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Re: Changing from L4 to something else...

From: Marcus Brinkmann
Subject: Re: Changing from L4 to something else...
Date: Mon, 31 Oct 2005 01:25:01 +0100
User-agent: Wanderlust/2.14.0 (Africa) SEMI/1.14.6 (Maruoka) FLIM/1.14.7 (Sanjō) APEL/10.6 Emacs/21.4 (i386-pc-linux-gnu) MULE/5.0 (SAKAKI)

At Sat, 29 Oct 2005 04:01:03 +0200,
"Yoshinori K. Okuji" <address@hidden> wrote:
> On Friday 28 October 2005 06:36 pm, Marcus Brinkmann wrote:
> > You put in another disk, and bill it to the customer.
> I guess you are kidding. When things are really urgent, such a slow operation 
> is not allowed.

Ok.  So I pull a hard drive out of the spare-parts room.  Or take it from one 
of the old computers lieing around.

Or are you saying the same company that has such an urgent contract
doesn't have spare parts in reserve?

> > You subdivide the user's resources into "important data" and "scratch
> > space".  Thus, you give the user two resource capabilities (two
> > different "banks"). You promise your users that the "important data"
> > will not be revoked quickly.  You don't make the same promise for the
> > scratch space.
> It works only for people who are familiar with computer and have a lot of 
> time. It is not acceptable for busy people to consume precious time to decide 
> if each piece of data is important or not. Probably they would just insert 
> all data to "important data".

Are these "busy people" the same who put their home video collection
on the companies file server?

Really, I don't try to mock you.  I try to understand your example.
At least the examples you give should make sense.

If your point is that you can create a hypothetical situation where no
matter what you do, you lose, then, well, your point is taken.
Nothing we can ever do can change that.

> > I revoke the network capability for her session.
> This is too violent. What if she does not want to hide everything? For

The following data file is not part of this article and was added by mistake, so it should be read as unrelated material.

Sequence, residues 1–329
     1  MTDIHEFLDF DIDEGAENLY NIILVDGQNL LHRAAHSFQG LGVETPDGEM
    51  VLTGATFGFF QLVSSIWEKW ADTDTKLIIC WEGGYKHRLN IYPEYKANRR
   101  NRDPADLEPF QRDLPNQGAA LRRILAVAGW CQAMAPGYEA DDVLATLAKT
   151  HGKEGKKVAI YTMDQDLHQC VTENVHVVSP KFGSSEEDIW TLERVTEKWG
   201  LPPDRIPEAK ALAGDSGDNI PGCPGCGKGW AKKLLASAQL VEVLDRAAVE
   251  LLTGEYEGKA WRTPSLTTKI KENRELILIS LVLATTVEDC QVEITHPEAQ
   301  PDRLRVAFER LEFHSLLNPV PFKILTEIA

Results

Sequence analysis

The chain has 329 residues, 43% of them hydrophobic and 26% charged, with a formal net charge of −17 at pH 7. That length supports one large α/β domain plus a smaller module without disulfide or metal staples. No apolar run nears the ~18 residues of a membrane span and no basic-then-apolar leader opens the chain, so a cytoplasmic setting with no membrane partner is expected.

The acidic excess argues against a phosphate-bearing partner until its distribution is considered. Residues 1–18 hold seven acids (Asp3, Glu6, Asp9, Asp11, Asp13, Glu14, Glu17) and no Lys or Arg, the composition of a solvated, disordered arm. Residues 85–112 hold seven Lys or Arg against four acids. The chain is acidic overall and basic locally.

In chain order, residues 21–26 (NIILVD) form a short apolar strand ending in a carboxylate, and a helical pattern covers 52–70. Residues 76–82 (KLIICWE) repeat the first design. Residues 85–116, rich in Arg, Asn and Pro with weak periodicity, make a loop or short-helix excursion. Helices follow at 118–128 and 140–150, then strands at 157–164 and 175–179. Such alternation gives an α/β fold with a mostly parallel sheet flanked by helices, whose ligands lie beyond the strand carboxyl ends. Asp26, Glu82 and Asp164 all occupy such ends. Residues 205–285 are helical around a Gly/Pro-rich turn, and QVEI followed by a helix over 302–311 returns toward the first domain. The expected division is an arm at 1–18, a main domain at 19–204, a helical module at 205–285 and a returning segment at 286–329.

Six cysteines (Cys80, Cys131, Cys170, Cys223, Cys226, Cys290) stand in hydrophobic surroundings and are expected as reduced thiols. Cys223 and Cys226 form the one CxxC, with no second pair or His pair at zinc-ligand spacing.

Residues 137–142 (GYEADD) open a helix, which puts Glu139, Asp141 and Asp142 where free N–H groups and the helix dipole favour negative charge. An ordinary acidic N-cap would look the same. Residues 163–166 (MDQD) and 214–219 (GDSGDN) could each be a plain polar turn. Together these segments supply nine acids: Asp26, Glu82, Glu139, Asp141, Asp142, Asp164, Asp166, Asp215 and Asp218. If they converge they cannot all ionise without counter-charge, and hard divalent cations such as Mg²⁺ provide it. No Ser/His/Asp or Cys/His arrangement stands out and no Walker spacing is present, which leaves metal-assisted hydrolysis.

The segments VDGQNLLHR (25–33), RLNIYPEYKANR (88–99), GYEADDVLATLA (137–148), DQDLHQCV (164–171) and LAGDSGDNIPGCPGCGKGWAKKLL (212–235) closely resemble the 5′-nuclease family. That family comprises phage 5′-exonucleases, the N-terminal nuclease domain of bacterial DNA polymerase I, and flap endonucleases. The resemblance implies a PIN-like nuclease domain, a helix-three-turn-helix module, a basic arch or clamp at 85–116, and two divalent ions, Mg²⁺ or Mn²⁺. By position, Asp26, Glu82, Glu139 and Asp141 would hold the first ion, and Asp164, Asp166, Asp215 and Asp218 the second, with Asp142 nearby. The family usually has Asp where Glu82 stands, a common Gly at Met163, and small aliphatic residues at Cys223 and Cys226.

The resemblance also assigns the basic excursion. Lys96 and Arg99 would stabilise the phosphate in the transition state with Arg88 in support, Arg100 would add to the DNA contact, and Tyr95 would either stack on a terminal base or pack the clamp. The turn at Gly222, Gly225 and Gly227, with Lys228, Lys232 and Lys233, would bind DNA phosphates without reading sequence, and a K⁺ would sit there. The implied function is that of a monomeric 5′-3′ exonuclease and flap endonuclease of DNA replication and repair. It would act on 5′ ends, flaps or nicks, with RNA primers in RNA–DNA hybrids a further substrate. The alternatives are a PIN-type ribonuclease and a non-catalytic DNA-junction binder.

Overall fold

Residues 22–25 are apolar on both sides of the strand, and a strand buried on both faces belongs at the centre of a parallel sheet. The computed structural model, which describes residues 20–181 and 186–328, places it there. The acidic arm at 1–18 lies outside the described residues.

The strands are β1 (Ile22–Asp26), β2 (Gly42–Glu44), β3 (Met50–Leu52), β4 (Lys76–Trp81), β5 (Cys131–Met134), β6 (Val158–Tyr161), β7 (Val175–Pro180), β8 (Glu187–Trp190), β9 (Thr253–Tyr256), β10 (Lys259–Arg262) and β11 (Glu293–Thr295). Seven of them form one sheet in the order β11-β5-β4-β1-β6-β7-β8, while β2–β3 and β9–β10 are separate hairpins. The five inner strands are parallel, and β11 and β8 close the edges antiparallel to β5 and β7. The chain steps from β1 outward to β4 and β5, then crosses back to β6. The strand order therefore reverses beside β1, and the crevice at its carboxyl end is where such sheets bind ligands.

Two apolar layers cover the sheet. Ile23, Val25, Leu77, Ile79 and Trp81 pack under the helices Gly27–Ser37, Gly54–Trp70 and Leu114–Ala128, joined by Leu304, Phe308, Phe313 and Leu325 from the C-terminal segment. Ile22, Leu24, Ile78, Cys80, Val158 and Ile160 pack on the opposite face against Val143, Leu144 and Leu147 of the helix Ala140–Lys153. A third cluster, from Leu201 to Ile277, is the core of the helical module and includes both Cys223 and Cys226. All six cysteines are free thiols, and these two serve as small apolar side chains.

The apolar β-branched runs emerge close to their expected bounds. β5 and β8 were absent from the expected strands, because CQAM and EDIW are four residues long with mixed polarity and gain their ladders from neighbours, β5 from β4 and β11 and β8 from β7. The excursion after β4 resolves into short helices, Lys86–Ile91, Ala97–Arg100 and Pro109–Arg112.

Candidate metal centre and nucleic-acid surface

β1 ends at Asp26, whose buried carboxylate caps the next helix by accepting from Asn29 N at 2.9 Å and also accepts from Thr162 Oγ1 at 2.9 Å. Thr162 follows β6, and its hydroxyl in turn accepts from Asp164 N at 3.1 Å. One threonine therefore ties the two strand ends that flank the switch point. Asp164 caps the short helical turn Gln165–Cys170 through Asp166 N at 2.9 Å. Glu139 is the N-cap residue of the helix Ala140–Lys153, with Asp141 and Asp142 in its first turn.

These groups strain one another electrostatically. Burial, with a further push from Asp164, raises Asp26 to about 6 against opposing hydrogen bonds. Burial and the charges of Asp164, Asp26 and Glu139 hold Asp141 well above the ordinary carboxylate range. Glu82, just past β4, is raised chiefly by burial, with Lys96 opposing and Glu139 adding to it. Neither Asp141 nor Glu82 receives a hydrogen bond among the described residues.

> example, if she wants to check a note from an internet cafe?

I thought she forgot her password.  How can she access her account at
all then?

Some extrapolation is required here.  Your examples were hypothetical
and incomplete.  So were my answers.  We can go round and round, but
don't you agree that the answers were at least reasonable in a
subspace of the possible problem space?  And that they can be adjusted
arbitrarily for different circumstances?

As a counter example, we can try to pose similar problems for Unix
administrators.  What if I hide my movies on the companies filesystem
encrypted in files like these:


> > But here is the important thing: Of course you _could_ also implement
> > backdoors for the administrator into the user sessions.  This option
> > is there.  You can always make a system less secure by introducing
> > more capabilities.
> >
> > The important thing is that you can also not do it, and choose the
> > "paranoid" scenario.  The reverse is not possible.  An insecure system
> > is insecure is insecure.
> I know. What I meant was that a supervisor is required or too useful to be 
> disabled in many situations. I can think of many more examples (e.g. 
> system-wide backup), so I bet that nearly all users would choose to have a 
> supervisor with exchange of a certain amount of security. This is one reason 
> why I feel that security paranoia is too expensive, because very little 
> people use such an extreme configuration.

If your point is that balance is good, then we all agree.  ;)


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